Learning, teaching and seeking valuable United Methodist Women’s history

Sara D. Bayles

Sara D. Bayles

By Sara D. Bayles
Special Contributor

In March of 1869, eight women met at Tremont Methodist Episcopal Church in Boston and organized themselves to send medical missionary Clara Swain and educator Isabella Thoburn to India. This gathering of women first became the Women’s Foreign Missionary Society, and is now known throughout the denomination and the world as the United Methodist Women.

The recent “United Methodist Women’s History: Voices Lost and Found” conference provided an occasion for rediscovering, remembering, and reinterpreting the forgotten and untold stories of women throughout United Methodist traditions.

From May 28-30, United Methodist scholars and United Methodist Women from throughout the worldwide connection of the church gathered at Methodist Theological School in Ohio for this conference, devoted to the study and collaboration of research relating to the history of women in Methodism and Evangelical United Brethren traditions. These three days provided an opportunity for understanding the historical impact of women in Methodist traditions and sought to identify areas of further exploration.

I was able to attend this conference and present my research, “Places of Transformation: The Homes and Hearts of the Women Called Methodist” which explores the ministry of women that takes place within their homes. Throughout the process of my research, I continued to be transformed as I learned from the lives of women throughout church history, who in their simple gestures—baking pies, collecting school supplies, knitting blankets and caring for their families and communities—furthered the missions of the church.

Artifacts, rare publications and archives on lesser known women in Methodism surfaced as those gathered sought to learn more about the often untold and frequently forgotten stories of the women within the Methodist movements. The United Methodist Women’s national leadership organized this gathering to celebrate and collect the stories of women in Methodism as the 150th anniversary of the organization approaches in 2019.

As I have transitioned this past month into my new appointment at First United Methodist Church Fort Smith, I continue to find many pleasant surprises. Most recently, in the archives room of our church, I discovered that Franklin Wilder, the author of my favorite—and now out of print—book about Susanna Wesley, Immortal Mother, was a former member of the church I serve and now a member of the church triumphant.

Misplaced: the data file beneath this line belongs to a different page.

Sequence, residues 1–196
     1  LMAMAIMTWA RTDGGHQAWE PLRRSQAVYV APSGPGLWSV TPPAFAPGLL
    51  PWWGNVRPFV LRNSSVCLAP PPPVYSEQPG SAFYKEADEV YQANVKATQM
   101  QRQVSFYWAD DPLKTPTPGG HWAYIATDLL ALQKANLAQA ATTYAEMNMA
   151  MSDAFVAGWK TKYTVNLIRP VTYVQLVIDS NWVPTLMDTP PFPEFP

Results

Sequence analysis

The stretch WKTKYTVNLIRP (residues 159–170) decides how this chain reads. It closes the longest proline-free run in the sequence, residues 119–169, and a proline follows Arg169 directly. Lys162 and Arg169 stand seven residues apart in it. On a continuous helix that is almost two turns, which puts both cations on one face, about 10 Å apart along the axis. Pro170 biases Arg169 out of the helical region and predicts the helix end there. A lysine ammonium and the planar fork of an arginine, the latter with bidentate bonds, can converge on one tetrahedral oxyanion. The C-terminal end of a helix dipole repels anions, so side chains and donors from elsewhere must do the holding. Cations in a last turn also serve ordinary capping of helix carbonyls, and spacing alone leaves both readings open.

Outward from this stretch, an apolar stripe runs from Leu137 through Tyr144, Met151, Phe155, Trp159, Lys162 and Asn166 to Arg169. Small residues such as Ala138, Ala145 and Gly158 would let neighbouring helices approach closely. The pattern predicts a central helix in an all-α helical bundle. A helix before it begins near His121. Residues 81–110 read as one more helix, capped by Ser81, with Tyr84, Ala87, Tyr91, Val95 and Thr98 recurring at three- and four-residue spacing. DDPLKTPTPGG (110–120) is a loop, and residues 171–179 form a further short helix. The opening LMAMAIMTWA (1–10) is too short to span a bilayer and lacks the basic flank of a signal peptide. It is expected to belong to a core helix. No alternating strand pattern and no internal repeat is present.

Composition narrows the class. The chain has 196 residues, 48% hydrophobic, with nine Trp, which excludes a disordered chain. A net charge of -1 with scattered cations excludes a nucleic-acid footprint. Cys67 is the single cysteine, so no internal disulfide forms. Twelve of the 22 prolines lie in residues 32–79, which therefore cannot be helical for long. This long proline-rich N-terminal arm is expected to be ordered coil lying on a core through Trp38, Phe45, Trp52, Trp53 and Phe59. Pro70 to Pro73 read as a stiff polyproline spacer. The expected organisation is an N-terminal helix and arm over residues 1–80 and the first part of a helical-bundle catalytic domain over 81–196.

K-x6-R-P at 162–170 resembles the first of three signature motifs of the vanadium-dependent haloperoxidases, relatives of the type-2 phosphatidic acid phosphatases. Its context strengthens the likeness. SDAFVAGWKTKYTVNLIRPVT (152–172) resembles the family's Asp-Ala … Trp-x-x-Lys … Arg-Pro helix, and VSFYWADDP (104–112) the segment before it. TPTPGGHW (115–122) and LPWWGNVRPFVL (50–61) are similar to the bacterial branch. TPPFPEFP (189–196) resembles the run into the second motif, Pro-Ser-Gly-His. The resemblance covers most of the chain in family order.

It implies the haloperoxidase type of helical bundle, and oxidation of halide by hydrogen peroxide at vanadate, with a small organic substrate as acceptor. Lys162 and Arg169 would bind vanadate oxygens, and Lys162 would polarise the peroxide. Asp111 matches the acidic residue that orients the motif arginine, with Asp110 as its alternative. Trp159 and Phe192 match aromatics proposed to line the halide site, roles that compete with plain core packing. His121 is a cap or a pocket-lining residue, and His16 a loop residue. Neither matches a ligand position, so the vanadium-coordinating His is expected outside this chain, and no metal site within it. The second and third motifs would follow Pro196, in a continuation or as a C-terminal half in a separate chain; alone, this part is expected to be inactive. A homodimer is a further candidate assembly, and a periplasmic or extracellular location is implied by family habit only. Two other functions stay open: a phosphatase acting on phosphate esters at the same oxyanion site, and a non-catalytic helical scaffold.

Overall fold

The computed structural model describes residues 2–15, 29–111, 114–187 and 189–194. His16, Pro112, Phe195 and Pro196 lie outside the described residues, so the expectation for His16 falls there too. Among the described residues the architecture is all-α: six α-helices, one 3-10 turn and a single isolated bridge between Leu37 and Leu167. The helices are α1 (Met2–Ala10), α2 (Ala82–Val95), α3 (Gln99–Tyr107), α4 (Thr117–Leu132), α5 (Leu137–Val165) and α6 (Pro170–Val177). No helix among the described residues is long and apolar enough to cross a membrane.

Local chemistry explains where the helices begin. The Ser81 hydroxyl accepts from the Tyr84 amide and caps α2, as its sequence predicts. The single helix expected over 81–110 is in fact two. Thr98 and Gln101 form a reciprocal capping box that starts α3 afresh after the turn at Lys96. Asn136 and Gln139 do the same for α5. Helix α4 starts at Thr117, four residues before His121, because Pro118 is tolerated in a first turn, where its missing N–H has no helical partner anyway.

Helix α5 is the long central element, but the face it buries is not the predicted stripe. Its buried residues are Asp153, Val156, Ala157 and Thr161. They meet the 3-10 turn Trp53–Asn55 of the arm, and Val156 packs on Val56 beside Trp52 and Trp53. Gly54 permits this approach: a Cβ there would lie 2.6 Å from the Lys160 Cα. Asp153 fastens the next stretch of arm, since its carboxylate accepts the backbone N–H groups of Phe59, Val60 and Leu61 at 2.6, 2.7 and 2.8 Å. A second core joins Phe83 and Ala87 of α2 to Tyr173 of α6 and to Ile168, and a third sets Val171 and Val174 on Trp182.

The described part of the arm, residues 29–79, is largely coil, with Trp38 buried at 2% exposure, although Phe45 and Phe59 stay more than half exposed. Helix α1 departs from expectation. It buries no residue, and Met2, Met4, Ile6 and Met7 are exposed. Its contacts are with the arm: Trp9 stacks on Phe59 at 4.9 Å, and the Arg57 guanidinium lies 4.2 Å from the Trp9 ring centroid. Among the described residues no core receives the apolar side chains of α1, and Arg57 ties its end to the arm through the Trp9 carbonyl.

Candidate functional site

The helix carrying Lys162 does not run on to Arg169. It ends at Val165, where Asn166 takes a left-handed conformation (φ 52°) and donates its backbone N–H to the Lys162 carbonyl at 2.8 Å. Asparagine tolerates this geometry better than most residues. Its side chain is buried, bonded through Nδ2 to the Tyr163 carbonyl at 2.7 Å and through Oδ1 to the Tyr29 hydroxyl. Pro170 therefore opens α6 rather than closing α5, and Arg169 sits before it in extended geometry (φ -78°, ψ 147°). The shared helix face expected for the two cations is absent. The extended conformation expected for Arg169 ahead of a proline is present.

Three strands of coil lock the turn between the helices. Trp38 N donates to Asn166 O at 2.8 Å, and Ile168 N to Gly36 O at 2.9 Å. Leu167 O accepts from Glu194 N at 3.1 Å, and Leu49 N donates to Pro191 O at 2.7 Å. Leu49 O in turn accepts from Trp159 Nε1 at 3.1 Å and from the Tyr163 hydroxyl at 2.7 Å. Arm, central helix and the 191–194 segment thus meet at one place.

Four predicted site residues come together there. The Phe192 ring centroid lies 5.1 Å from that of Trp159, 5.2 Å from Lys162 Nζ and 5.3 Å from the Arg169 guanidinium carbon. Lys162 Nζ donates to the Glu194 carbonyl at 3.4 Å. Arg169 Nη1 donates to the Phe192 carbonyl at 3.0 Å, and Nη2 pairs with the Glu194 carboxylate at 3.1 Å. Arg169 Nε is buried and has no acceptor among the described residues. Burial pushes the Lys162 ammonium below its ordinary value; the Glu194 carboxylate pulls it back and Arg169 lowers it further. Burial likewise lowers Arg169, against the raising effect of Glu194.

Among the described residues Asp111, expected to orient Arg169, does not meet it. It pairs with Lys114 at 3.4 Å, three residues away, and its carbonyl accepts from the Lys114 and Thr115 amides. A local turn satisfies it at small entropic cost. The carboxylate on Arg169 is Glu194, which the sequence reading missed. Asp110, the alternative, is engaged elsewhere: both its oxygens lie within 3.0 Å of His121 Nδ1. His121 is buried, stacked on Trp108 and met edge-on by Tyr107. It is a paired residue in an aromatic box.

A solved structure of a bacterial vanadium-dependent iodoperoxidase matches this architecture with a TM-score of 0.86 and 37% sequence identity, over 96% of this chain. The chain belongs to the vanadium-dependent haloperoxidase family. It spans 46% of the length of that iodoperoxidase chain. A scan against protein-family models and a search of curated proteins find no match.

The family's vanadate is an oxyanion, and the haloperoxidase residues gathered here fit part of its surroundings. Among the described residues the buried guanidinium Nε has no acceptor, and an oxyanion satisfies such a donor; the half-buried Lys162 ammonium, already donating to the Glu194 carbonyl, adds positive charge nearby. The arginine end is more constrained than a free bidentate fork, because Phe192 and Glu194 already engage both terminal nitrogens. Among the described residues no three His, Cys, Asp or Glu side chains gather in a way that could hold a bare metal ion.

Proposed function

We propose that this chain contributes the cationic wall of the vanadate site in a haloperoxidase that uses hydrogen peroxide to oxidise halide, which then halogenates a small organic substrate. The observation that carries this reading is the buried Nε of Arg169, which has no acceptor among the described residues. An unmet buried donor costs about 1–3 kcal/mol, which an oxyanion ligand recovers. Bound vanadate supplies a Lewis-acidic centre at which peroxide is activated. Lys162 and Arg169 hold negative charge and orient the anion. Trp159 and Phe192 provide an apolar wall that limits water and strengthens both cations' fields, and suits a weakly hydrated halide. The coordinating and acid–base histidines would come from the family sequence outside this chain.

I have also uncovered reports of an 1882 visit from Frances Willard, a key leader of Women’s Home Missionary Society and Women’s Christian Temperance Union, to the Methodist gatherings in Fort Smith. These sorts of discoveries lie at the heart of the historical remembering of women in Methodism. Often the stories of women get left out of church history, yet women shape and give great input into the mission of Methodism.

For United Methodist Women, the task of telling and retelling the stories and histories of all women throughout Methodism values the past, anchors the present and inspires the future. From now until the 150th anniversary celebration in 2019, all United Methodists are encouraged to share stories of the women in mission and ministry as part of an ongoing project that seeks to collect these stories, online at www.unitedmethodistwomen.org/150.

These often untold stories are voices that have far too long been lost in the history of Methodism, and in finding their stories, we continue to discover the powerful witness of women within our denomination.

The Rev. Bayles is a provisional elder in the Arkansas Conference and associate pastor at First UMC Fort Smith. She is a May 2015 graduate of Duke Divinity School, where she earned her Master of Divinity degree and a Certificate in Gender, Theology, and Ministry for her research on women in American Methodism, Susanna Wesley and the missiology of United Methodist Women. For more information, or to schedule Bayles to visit your United Methodist Women circle or other church group to share more about this project or United Methodist Women’s history, contact her at sara.bayles@arumc.org.